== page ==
Oral Answers to Questions — Duchy of Lancaster – in the House of Commons at 12:00 am on 24th February 1997.
Mr. William O'Brien:
To ask the Deputy Prime Minister what recent review he has conducted of the coordination of Government policy; what conclusions were arrived at; and if he will make a statement. 
We keep the co-ordination of Government policy under constant review and take action as necessary to maintain effective co-ordination.
Has the Cabinet committee on policy co-ordination deregulated access to information covered by the Data Protection Act 1984? Constituents of mine have received letters from the Prime Minister requesting support and assistance for the Conservative party. Many of my constituents who have shares in private companies feel that they have been betrayed by that breach of the Act. Was that done with the agreement of the committee? If so, I think that the whole Cabinet is in breach of the Act.
That is straying close to the bounds of what is in order in respect of the question. However, the hon. Gentleman makes a serious point, which I shall try to answer. First, the matter is not covered by the Deregulation and Contracting Out Act 1994. Secondly, the mailing was a tremendous success, which bodes well for future similar mailings.
Will my hon. Friend confirm that the most important policy to co-ordinate is the Government's economic policy? Does he agree that we have had unequalled success in western Europe in reducing unemployment and generating growth? That has made us the strongest economy of Europe and the envy of our colleagues in the European Union.
My hon. Friend is absolutely right. It sounds as though he spent the early hours of this morning reading the Prime Minister's excellent article in the Financial Times, which spelt out precisely our economic success, the fact that we are now in the sixth successive year of growth and that that record is the envy of Europe. All that success would be put at risk by the policies of the Labour party.
To ask the Deputy Prime Minister what recent estimate he has made of the effectiveness of his Department's work on the co-ordination of Government policy. 
We continue to note our success in co-ordinating policies that deliver economic prosperity, uphold decent, commonsense values in pursuit of law, order and justice and provide first-class public services.
As we now know that one of the Prime Minister's strategies with which he hopes to inspire us during the general election campaign is his passionate support for hereditary peers, can the Minister tell us whether the Government have any plans to create more hereditary peers? The Foreign Secretary is visiting his European counterparts in the European Union to promote the British way forward and I wonder whether he will recommend to those colleagues that the one thing that their democracies urgently need is an infusion of dukes, marquesses, earls and viscounts.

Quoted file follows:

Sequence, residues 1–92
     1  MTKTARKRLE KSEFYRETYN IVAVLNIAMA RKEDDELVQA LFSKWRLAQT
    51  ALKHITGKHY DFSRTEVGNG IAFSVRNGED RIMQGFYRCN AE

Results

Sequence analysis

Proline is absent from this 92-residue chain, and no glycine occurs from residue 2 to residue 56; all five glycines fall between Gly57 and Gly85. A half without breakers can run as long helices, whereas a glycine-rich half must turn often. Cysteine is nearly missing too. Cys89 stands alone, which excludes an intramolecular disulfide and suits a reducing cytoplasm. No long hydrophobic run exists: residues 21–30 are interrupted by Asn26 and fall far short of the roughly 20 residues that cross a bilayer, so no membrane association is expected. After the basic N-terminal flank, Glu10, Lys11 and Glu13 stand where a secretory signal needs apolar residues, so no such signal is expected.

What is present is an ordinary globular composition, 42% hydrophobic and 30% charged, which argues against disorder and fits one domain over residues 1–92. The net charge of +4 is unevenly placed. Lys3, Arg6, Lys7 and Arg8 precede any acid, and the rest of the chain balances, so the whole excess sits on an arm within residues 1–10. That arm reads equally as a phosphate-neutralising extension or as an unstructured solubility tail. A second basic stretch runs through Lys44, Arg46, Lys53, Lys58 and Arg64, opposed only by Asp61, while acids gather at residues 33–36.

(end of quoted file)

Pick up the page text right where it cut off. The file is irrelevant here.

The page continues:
I am sure that we were entertained by that witty supplementary, but the truth is that, during the debate on Thursday, the Leader of the Opposition profoundly lost the argument because he and the Labour party were unable to answer all the questions put by the Prime Minister, particularly about the nonsense of creating a Scottish Parliament.
In terms of co-ordinating Government policy, may I express the hope that the Government's mailing system is better run than that of the Labour party? I should inform my right hon. Friend that my niece received a letter inviting her to vote for the Labour party and she is just 11 years old.
In his co-ordinating role, was the right hon. Gentleman one of the 20 desperadoes who this morning gathered around the Cabinet table as they contrived the most futile job salvage operation in political history? In that role, will the right hon. Gentleman tell the House why eight top quangos, which spend £13,000 million of taxpayers' money, have been packed with business men whose companies have bankrolled the Tory party to the tune of £4 million? Was not the Nolan committee established to deal with that abuse of the appointments system? Why can we not have the election now so that a Labour Government can begin to clean up the quango state?
The right hon. Gentleman will know of the recommendations of Lord Nolan, the appointment of a Commissioner for Public Appointments and the rules that have been applied for many, many years by this Administration, and which are now formalised, to guarantee that appointment is on merit. The right hon. Gentleman insinuates that anyone with any connection with the Conservative party is not, by definition, someone to be considered for an appointment on the basis of merit. That is a logical inconsistency.